The Pros and Cons of Network Marketing

Network marketing, multilevel marketing (MLM), and referral marketing are the names used to describe selling methods designed to replace the retail outlet as a route to market certain products. Although referral marketing has been around since the early part of the last century, for many people it’s still unfamiliar territory.

Network marketing is one way of starting a profitable, full-time business with little or no investment. It’s also a method of starting a second or part-time business to run alongside your existing business or career. Network marketing is one of the fastest-growing business sectors. Industry turnover has grown from £1 billion ten years ago to £2 billion today.

In most cases, network marketing involves selling a product or service that a parent company produces and supplies. You take on the responsibilities of selling the products and introducing other people to the company. 

You get paid a commission on the products/services you sell yourself and a smaller commission on the products/services that the people you’ve introduced to the company sell. In addition to this, you often get a percentage commission based on the sales of the people that the people you introduced to the company also introduce, and on and on. 

Advocates of network marketing maintain that, when given identical products, the one sold face to face (without the cost of maintaining a shop and paying employees and insurance) is less expensive than the same product sold in a store.

Additionally, network marketing fans believe that buying a product from someone you know and trust makes more sense than buying from a shop assistant behind a retail counter. 

A wide variety of good-quality network marketing companies from all over the world exist for you to choose from. They offer products and services from a wide range of industries – health, telecommunications, household products, technology, e-commerce, adult products, and so on. 

Household names include Amway, Avon, Betterware, Herbalife, Kleeneze, and Mary Kay Cosmetics. Choose a product or service that you’re interested in because, when it comes to sales, nothing beats enthusiasm and confidence in the product.

Evaluating the pros and cons

Like any other type of business, network marketing has its upside and its downside. Some of the positives are:

  • Little or no start-up costs: With most companies, the investment in a business kit and a range of sample products rarely exceeds £100. The law governing network marketing doesn’t allow an investment of more than £200 in the first seven days.
  • The potential to build a substantial business: By recruiting more and more people to join the company and by those people recruiting more people, your percentages of their sales grow and grow. And, of course, you’re still selling at a high rate yourself.
  • A proven business formula: Network marketing has been around since the early 1900s.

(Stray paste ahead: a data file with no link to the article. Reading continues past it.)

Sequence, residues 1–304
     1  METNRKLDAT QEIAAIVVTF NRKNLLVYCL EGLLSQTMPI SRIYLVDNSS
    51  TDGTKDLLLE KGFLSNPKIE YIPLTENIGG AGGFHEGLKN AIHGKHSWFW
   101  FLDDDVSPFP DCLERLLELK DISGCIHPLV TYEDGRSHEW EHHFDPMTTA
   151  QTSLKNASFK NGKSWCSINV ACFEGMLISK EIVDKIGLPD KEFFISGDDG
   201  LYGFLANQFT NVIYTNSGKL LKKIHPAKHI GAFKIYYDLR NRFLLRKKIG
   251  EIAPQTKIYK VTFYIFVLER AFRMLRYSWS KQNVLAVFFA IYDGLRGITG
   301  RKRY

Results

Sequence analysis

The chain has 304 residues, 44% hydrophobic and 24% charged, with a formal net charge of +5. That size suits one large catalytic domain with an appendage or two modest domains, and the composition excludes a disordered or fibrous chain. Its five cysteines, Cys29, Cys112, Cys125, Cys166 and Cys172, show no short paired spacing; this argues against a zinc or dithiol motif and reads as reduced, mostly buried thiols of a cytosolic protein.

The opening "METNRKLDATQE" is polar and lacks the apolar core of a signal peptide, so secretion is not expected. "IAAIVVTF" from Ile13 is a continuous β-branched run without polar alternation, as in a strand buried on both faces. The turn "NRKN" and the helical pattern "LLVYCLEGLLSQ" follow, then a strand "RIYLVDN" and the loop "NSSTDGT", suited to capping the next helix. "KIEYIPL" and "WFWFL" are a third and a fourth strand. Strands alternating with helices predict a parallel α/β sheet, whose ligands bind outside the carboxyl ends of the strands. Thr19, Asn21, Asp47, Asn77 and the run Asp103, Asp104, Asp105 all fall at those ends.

• Low risk: Unlike a brand-new business idea that you may have uncovered, network marketing products and services are usually tried-and-tested business concepts. That doesn’t mean they can’t fail, but if you follow the rules you’re less likely to hit the buffers than you would on your own.
  • A great deal of support and advice is often given: The parent company and the person who brought you into the company have a vested interest in helping you succeed because the more you sell, the more money they make.
  • Flexible hours: You can sell on a full-time or part-time basis during the hours that suit you and your customers.
  • Highly expandable: You don’t have territory restrictions like conventional salespeople, and with e-commerce capabilities, most parent companies can supply to many countries.
  • Location: You can run the business from your own home.
  • Personal development: You build your confidence and increase your communication skills.

Again, as with any business, network marketing isn’t all good. The following list shows some of the disadvantages:

  • Restrictions on your business practices may exist, for example, recruitment, advertising, and so on.
  • Your business relies heavily on the success of one parent company and its ability to deliver its products/services on time.
  • You may not feel comfortable selling to your friends or to strangers.
  • Even the best network marketing companies may be thought of as pyramid schemes.

Distinguishing pyramids from network marketing

Pyramid selling schemes are sometimes disguised to look like network marketing schemes, but commonly have the following characteristics:

  • They encourage participants to make substantial investments in stocks of goods, by offering rewards to participants for getting others to do the same.
  • They make little reference to direct selling and the need to achieve consumer sales. Instead, they imply that the main source of rewards comes from getting others to make substantial initial investments.
  • They don’t offer contracts to participants, nor cancellation rights or the opportunity to buy back unsold goods – all of which are required under UK law.

Quality network marketing companies make sense for people who really believe in a particular product and want to sell it but don’t want to, or can’t, tie up a lot of money buying a franchise or other business, or don’t have a great idea of their own.

Just remember to check out the network company using trade associations such as the Direct Selling Association ( You won’t get rich in a hurry, or probably ever, but if you take care you probably won’t lose your shirt either.

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